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Learning through weblogs: students' perspective and learning evidences

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posted on 22.05.2021, 14:54 by Claude S. Gagne
The study reported in this paper examines students' perception of the use of weblogs as learning tools; it also explores evidence of learning within blog postings. Two Ryerson University courses in Information Technology Management that require students to use weblogs are taken as examples. Twenty-two students from these two courses participated in an online survey concerning their blogging experience. The participants had very good computer knowledge - most of them had previous experience using blogs. Most of them thought that building and maintaining a blog was an easy task. However, the research shows that students' perception concerning the use of blogs as educational tools was neutral-students also perceived the impact of using blogs on their ability to learn the course material as neutral. The study shows a lack of clear communication between instructors and students, which could have had a negative impact on students' learning experience. Furthermore, the study indicates that most students perceived the content they posted in a somewhat negative way. A content analysis performed on 22 blogs demonstrates that that the objectives of each course played a significant impact on the evidences of learning apparent in students' blogs. Students in group B demonstrated more evidences of learning then students in group A. Overall, the study shows that the use of blogs as learning tool in university classrooms is promising. Providing students with clear goals, objectives and expectations could help them to build and maintain their blogs in a way that could be more beneficial to their learning experience.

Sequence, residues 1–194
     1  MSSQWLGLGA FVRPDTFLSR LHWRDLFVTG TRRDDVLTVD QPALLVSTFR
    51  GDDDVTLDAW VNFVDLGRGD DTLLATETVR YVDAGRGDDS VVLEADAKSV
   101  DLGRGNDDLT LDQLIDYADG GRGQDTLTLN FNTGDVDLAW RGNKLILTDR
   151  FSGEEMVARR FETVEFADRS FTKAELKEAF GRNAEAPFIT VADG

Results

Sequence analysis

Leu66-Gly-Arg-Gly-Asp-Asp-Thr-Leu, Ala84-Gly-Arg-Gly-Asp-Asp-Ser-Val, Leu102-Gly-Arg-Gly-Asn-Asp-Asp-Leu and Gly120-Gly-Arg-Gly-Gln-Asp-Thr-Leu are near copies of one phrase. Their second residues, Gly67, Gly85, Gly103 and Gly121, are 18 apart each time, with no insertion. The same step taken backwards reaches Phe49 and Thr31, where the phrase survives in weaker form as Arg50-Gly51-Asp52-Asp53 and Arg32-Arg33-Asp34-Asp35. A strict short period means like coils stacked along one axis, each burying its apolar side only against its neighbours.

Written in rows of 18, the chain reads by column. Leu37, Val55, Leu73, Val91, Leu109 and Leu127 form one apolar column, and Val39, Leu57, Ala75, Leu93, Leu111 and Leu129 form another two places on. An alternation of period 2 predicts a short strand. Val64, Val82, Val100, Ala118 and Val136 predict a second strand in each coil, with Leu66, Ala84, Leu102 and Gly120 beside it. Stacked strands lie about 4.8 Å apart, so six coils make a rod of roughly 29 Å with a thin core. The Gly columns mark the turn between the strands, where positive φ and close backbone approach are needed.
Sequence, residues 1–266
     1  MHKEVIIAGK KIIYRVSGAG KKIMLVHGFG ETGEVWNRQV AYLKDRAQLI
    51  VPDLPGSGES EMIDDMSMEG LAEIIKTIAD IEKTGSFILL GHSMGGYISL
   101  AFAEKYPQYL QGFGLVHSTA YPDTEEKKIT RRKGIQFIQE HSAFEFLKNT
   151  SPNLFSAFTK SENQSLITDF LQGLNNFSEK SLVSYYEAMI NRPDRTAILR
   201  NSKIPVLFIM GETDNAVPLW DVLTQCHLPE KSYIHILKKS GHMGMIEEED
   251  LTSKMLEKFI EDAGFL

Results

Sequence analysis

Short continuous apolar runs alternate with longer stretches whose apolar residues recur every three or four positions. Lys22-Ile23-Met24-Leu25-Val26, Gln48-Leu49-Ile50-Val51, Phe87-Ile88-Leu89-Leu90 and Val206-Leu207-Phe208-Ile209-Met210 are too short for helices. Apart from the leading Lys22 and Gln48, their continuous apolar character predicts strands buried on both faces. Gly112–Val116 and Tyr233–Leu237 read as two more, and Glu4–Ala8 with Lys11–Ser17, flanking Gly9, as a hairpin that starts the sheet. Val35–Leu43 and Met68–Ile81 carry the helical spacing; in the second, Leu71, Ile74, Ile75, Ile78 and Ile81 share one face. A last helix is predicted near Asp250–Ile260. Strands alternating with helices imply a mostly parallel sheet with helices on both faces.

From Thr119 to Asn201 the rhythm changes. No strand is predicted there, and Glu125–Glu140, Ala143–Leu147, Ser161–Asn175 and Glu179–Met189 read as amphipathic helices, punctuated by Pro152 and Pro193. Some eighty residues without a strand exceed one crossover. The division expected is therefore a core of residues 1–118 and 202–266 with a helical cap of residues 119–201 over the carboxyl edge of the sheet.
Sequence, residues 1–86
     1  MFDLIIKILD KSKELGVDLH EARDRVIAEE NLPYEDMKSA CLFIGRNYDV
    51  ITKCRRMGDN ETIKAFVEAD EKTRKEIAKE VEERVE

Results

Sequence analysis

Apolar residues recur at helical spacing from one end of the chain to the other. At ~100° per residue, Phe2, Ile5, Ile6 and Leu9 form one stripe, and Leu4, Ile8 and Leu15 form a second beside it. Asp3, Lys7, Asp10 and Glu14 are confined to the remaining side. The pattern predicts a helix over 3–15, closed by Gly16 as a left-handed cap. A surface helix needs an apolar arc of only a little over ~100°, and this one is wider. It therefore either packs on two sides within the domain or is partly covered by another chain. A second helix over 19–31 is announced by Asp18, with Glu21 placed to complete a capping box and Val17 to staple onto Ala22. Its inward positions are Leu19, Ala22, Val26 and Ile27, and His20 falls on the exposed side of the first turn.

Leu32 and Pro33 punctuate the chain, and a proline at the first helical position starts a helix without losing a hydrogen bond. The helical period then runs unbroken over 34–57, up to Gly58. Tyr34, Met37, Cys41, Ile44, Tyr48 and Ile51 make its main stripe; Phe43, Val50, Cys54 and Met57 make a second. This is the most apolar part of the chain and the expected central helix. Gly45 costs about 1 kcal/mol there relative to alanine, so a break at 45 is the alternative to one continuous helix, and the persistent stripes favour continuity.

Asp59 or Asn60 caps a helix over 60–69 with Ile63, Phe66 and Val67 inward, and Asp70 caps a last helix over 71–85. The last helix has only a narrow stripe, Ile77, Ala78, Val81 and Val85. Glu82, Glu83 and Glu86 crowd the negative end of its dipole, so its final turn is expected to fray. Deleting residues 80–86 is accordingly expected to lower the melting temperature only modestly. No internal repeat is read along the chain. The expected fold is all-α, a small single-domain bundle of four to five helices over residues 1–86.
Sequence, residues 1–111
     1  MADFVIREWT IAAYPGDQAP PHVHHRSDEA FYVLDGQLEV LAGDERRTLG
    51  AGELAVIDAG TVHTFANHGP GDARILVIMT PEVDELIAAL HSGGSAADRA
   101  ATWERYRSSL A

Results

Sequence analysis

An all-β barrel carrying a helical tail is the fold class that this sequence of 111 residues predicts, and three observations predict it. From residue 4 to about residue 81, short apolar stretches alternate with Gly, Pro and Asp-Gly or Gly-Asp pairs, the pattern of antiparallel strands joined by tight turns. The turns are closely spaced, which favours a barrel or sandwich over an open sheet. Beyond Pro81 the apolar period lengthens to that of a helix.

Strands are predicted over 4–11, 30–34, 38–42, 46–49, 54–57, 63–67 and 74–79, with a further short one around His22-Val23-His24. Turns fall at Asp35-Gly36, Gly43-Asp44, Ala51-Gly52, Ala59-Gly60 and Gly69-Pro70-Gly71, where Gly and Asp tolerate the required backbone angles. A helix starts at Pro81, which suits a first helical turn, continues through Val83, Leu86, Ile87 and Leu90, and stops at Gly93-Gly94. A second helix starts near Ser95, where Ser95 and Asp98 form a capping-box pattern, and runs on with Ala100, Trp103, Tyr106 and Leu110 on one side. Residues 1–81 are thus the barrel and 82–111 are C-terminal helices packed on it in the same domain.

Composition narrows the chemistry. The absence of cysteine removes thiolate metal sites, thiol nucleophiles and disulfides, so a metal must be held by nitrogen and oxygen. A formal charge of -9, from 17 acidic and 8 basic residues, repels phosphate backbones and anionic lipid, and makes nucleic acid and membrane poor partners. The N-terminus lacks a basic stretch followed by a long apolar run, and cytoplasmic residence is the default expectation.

Master of Arts


Communication and Culture

Granting Institution

Ryerson University

LAC Thesis Type